By Nick Robins (@NVJRobins1), Professor in Practice, Sustainable Finance, Grantham Research Institute, London School of Economics
Investors have long known that the climate crisis is “the world’s greatest market failure,” in the memorable words of Nick Stern. Increasingly, they and many others are realising that if decisive action is not taken, then it could also become the world’s greatest source of injustice in terms of its extent and the duration of the damage it will cause for centuries to come.
Pope Francis made this clear at a gathering of oil executives and investors at the Vatican this year, arguing that we need to take action “to avoid perpetrating a brutal act of injustice towards the poor and future generations”.
For world leaders as well as institutional investors, driving carbon emissions down to zero and strengthening communities in the face of fires, floods and droughts is therefore both essential to ensure long-term economic progress, as well as a fundamental question of human justice.
This is the agenda of the just transition, an imperative included in the 2015 Paris Agreement, with a focus to ensure that the interests of workers and communities are fully included in government and business plans to accelerate the shift to a net-zero and resilient economy.
Against a backdrop of stagnant living standards in many countries, concerns about who will bear the burden of change have not just grown, but become magnified, often mischievously by those who want to hold back climate action. Added to this are the wider distributional impacts of climate policies (such as carbon pricing) across society – the trigger that prompted the gilets jaunes protests last year in France.
Over the past year, investor awareness and action to support the just transition has grown significantly. Now more than 140 investors with US$8trn in assets under management have signed an international statement to support the just transition. This builds on an investor guide co-authored by LSE’s Grantham Research Institute and Harvard’s Initiative for Responsible Investment, developed in collaboration with the PRI and the ITUC. The guide sets out how investors can take action in terms of investment strategy, corporate engagement, capital allocation, policy advocacy, and learning and reviewing. The PRI has recently launched a new working group to share experience and take collective action, co-chaired by Ircantec’s Laetitia Tankwe and FTQ Fonds Solidaires Mario Tremblay.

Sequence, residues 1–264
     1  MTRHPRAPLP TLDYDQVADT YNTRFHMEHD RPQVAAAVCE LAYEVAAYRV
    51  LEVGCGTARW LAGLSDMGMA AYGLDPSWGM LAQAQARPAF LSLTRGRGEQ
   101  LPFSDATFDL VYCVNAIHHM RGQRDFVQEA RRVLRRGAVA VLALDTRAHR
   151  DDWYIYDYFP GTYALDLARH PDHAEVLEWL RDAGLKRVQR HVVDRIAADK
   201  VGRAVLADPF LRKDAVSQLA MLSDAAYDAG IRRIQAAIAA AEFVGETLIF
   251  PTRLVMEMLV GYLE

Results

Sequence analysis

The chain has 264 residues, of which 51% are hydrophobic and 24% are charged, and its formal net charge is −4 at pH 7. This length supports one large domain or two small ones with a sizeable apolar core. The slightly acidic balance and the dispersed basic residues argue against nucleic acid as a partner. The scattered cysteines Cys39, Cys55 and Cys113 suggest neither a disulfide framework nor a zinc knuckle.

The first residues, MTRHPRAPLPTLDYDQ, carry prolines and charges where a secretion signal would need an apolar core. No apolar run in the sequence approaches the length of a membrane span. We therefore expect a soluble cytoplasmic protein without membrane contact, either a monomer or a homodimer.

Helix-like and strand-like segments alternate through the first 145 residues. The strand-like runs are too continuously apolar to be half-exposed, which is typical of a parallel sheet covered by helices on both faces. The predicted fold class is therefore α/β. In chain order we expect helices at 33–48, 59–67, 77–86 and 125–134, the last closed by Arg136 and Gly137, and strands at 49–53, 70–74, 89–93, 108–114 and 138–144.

Into the mainstream
Once on the margins, the just transition is increasingly viewed as essential to ambitious climate action. In the words of the UK’s Committee on Climate Change (CCC): “If the impact of the move to net-zero on employment and cost of living is not addressed and managed, and if those most affected are not engaged in the debate, there is a significant risk that there will be resistance to change, which could lead the transition to stall”.
The speed and scale of the oncoming disruption is also reinforcing the importance of building in a strong social dimension. This was highlighted in the projections in the Inevitable Policy Response (IPR), which forecasts far earlier dates for coal phase-out, electric vehicle domination and zero deforestation than current market consensus. In each case, decision makers in government, business, civil society and capital markets will need to apply a “just transition lens” to ensure both that people are not left behind and that the full potential of the transition for sustainable development is realised.
A focus on bottom-up action
What the just transition means for investors will differ significantly across the world. In the UK, a one-year process of research and dialogue has resulted in a new five-point investor roadmap. A critical dimension that emerged was the importance of place-based action, connecting the investor response to bottom-up needs of different communities and regions. This fits well with real assets and private market strategies, as well as the growing focus on impact investing (including in community assets). In France, the PRI launched a similar process: a French Working Group on the just transition piloted by Orse in collaboration with the PRI, AG2R La Mondiale and Ircantec was launched in May 2019 to identify what the just transition means in the French context.